Blog Directory CineVerse: Go West, young ham

Go West, young ham

Thursday, February 20, 2020

Much has changed in the 46 years since Mel Brooks' trailblazing satire of western films "Blazing Saddles" was unleashed on virgin audiences, including social acceptance of ethnic slurs and sexual orientation scoffing. But you can't deny the sheer audacity of Brooks' satirical aim here, which is as wide as an overstuffed wagon train. We shared some metaphorical beans by the campfire this week at CineVerse and re-examined this flick to determine if it remains comedically relevant. Here's our assessment:

How was this film groundbreaking, controversial, or radically different from prior comedies and westerns?

  • It wasn’t afraid to be politically incorrect when it came to parodying race relations and movie tropes and conventions. There are no sacred cows, and the “N” word is used multiple times. You could probably never make a film like this today or ever again, considering how offensive some of these jokes and characters are.
  • The picture spares few ethnic stereotypes, from Middle Easterners on camels and Mexican bandits to Chinese laborers to ignorant rednecks. It’s an equal opportunity offender.
  • “Blazing Saddles” upends everything we usually associate with a classic Hollywood western. It also infuses offbeat nonsequiturs into the western genre, like scatological references to the Wide World of Sports and disparate genres like the musical, with the Count Basie Orchestra performing “April in Paris” as an example.
  • This film subverts the standard convention of having a leading male hero in a western targeted to white viewers, especially a hero with a minority sidekick like Tonto; instead, we get a black hero lead and a white sidekick.
  • Is this the first time movie audiences are given an African American lead protagonist whom we laugh with at the expense of racist white characters, whom we laugh at? Is this the first time a film uses the “N” word in a comedy? The answer to both is probably, and, if so, that’s significant.
  • This wasn’t the first interracial male friendship depicted in a film, but it was one of the first in which race wasn’t an impediment to the fellowship. Consider how Bart and Jim strike up an affinity and partnership quickly, with no talk about racial differences after an initial exchange.
  • This is arguably the first instance of a black buddy comedy film, which paved the way for many subsequent Gene Wilder and Richard Pryor pairings, like “Silver Streak” and “Stir Crazy,” and for movies like “48 Hours,” “Beverly Hills Cop,” “Lethal Weapon,” “Rush Hour,” and more.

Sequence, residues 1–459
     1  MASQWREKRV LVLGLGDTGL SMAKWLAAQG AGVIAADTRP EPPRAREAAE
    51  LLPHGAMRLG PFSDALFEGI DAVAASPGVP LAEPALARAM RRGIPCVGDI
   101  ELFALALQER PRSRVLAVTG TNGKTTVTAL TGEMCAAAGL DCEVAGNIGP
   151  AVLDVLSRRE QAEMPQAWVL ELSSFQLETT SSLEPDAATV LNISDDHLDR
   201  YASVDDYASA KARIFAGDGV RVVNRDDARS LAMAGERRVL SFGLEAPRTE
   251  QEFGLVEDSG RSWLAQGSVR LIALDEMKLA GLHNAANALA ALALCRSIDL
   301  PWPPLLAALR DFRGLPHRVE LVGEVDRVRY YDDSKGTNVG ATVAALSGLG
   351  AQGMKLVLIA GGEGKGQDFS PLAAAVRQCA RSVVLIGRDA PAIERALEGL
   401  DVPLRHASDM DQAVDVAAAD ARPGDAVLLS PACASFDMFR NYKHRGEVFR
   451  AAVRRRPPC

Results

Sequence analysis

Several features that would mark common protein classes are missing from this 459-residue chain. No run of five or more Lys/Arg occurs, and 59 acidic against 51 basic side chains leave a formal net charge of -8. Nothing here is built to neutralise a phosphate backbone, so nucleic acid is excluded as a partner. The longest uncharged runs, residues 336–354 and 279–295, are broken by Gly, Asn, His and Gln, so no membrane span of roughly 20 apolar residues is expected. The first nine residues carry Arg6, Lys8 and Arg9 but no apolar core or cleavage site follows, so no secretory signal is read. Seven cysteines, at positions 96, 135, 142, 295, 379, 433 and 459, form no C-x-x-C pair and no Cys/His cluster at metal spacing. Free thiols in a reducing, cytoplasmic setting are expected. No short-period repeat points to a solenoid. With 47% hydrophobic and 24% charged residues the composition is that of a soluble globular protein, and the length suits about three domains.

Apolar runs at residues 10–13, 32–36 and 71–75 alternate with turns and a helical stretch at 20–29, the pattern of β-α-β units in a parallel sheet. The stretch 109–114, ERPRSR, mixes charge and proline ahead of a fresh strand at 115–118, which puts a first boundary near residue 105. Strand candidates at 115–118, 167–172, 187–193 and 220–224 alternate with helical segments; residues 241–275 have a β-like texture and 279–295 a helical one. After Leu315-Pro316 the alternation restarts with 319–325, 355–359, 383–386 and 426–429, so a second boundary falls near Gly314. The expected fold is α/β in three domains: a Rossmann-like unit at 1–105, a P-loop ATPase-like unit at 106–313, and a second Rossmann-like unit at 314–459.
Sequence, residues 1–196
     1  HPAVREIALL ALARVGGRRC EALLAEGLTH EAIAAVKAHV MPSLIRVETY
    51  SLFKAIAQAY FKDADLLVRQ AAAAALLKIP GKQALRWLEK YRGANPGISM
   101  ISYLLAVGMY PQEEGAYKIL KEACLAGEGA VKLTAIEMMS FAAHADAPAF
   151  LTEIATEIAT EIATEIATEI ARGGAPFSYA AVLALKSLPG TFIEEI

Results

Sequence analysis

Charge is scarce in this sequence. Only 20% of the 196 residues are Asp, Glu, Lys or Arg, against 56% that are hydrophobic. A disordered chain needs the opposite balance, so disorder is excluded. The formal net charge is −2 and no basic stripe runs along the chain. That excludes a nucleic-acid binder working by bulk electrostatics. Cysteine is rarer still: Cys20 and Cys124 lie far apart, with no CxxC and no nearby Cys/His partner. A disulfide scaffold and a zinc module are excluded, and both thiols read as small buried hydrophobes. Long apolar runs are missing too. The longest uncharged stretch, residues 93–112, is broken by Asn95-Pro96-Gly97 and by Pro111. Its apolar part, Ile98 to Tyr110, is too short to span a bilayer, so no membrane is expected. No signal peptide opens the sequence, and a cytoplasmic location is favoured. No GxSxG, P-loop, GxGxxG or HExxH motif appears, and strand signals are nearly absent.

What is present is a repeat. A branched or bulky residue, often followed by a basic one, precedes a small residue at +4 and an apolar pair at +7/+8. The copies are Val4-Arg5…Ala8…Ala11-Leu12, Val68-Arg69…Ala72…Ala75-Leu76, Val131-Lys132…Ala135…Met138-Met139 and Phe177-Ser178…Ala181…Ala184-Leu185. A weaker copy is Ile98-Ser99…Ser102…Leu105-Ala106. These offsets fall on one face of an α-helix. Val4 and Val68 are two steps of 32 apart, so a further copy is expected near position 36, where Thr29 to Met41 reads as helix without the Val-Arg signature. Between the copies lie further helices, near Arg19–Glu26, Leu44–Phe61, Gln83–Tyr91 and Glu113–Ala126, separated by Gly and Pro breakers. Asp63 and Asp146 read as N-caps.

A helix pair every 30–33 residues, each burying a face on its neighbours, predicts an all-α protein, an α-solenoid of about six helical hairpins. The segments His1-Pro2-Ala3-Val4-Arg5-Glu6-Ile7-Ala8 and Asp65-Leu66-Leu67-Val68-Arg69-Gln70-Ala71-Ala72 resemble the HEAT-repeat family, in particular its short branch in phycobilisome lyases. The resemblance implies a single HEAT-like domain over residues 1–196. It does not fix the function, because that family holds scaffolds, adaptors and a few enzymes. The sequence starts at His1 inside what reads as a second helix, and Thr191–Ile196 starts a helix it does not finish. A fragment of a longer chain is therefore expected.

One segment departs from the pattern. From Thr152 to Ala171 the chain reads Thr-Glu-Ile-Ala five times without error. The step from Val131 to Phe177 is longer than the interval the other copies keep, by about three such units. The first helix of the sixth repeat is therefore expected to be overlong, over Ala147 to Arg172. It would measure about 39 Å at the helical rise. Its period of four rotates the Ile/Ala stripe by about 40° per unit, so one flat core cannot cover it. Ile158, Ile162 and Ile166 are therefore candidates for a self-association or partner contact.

• “Blazing Saddles” could be the first real gross-out comedy, by virtue of its campfire fart scene. Some experts peg this as the first Hollywood film to depict comical flatulence.
  • While the movie was racially progressive and satirically sharp in its treatment of an African American character, many have criticized how dated and tone-deaf it is in its treatment of gay and female characters and sexual violence as a source of comedy.
  • Although this isn’t the first “meta-movie,” “Blazing Saddles” breaks the fourth wall and descends into the absurd by magically moving from the Old West to modern Hollywood.
  • According to blogger/reviewer Tim Brayton: “This film is a social satire, a genre parody, an absurdist comedy, and in its final act…(a) meta-movie about filmmaking.”

Themes on display in Blazing Saddles

  • Racism is stupid and deserves to be laughed at. Instead of creating a serious social message picture that points out how much progress we need to make as a society on race relations, Brooks uses humor to make his point and thoroughly skewer bigots and backward-minded folk.
    • Racists are cartoon characters worthy of mockery.
  • Friendships can form in the unlikeliest of places and environments. Bart and Jim quickly become cronies in a hostile environment.

Other films that come to mind after watching "Blazing Saddles"

  • Destry Rides Again, featuring Marlene Dietrich in a role that’s spoofed here by Madeleine Kahn.
  • Gross-out comedies that feature body humor and crude jokes, including Animal House, Caddyshack, Dumb and Dumber, There’s Something About Mary, and many more.
  • Support Your Local Sheriff
  • Cabaret
  • The Frisco Kid
  • Airplane!
  • A Million Ways to Die in the West

Other films directed by Mel Brooks

  • The Producers
  • Young Frankenstein
  • Silent Movie
  • High Anxiety
  • Spaceballs

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